this broad-reaching tax. Which

is why Scott Grimley thinks most

most miners won't be ready by

October. As well, new and

emerging miners will have to

decide based on their earnings

whether to opt in or opt out of whether

the MRRT and if they get that

decision wrong they will decision wrong they will pay significant penalties. They

won't get the benefit of a tax

shelter that any sort of

starting base evaluation might

bring. They won't get the

benefits of royalty credits or losses

losses that are made between

now and when they pay

MRRT. Which is why tax experts

like Scott Grimley will be in losses

high bhands - demand over the

next few months. To discuss tax

and other money matters I was joined early by Finance

Minister Penny Wong. Welcome to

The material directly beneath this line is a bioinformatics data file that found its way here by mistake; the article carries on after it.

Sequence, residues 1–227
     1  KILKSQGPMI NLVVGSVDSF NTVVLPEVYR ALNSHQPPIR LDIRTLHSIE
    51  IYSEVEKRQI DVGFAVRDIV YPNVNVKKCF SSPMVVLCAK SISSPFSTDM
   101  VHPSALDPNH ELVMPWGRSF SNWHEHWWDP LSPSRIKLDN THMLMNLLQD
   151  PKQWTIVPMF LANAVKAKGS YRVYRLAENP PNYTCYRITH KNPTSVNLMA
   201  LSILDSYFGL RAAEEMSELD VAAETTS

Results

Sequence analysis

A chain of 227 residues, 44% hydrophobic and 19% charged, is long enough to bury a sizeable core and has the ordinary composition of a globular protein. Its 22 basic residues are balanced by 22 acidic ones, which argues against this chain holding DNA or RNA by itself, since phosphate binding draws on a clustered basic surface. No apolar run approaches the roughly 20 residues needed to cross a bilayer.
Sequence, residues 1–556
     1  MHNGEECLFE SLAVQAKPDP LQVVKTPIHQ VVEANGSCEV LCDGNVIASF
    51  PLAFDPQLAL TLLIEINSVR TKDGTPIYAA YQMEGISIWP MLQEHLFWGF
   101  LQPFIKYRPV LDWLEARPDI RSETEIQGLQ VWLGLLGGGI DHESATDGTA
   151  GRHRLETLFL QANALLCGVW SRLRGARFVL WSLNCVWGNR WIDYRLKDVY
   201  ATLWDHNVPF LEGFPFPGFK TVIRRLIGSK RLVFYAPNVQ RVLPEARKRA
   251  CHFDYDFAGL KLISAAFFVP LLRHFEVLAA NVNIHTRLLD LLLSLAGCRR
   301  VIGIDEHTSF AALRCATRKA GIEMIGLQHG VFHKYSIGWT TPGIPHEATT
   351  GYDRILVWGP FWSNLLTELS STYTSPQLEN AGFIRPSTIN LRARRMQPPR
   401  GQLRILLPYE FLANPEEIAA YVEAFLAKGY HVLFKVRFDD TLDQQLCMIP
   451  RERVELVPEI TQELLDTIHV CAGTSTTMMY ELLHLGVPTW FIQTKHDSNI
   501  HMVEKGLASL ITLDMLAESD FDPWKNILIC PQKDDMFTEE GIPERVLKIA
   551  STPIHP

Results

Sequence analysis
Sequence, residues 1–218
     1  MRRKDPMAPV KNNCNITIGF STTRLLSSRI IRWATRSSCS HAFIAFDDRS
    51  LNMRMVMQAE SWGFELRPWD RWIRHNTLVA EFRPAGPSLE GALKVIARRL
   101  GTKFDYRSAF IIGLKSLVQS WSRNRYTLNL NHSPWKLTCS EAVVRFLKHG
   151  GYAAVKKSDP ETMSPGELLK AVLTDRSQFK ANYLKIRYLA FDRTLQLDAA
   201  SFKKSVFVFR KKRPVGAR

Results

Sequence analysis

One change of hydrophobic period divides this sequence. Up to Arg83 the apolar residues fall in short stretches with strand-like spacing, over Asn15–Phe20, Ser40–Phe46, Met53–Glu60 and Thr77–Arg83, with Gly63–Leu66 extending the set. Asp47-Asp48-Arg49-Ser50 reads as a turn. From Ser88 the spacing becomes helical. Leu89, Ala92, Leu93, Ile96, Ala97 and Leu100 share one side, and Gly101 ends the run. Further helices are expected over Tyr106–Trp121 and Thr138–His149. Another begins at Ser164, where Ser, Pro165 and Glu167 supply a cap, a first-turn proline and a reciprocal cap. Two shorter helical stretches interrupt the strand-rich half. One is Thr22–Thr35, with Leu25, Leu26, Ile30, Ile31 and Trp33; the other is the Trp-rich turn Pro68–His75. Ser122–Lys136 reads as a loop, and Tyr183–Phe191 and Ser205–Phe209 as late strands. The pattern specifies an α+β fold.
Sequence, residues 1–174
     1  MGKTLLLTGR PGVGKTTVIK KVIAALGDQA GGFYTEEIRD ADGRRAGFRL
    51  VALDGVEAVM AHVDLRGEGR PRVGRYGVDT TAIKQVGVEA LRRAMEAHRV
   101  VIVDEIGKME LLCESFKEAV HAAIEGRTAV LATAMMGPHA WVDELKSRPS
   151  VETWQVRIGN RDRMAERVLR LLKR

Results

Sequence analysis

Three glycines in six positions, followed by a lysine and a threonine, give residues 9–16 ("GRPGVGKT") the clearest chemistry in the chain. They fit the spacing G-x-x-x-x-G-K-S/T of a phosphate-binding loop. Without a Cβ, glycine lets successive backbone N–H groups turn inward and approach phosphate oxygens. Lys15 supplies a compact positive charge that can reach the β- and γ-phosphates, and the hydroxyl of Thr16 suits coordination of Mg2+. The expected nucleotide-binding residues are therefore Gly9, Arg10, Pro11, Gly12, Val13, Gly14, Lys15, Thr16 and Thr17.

the program. Good to be with

you again. You've got the

mining tax through, a measure

of great substance according to

the Treasurer, but at some

cost. Will you be materially

changing the Treasury forecast

of $10.6 billion from the MRRT

over the first 3 years in the

upcoming budget? We will update

our figures in the usual way in

the budget and any subsequent

updates but I would say this,

it is an historic reform. It's

the first time we've got this

through the parliament, a reform that's about spreading

the benefits of the boom,

delivering, using the higher

profits of profitable miners,

making sure they pay a

reasonable rate to the

Australian people and through

that funding cuts to the

company tax system, plus

investing in things like

superannuation for working

Australians. A very good

reform. But I guess the

question is just how much lower

the tax take is going to be.

Commodity prices could be a lot

lower, you have the high

Australian dollar, you've got

the State royalty issues and I

see the Minerals Council of Australia insisting they never

agreed to the projections and the numbers can't be added up

for you? The revenue projections are projections from the Treasury, the same people who advised Peter

Costello. This is a

profits-based tax and you're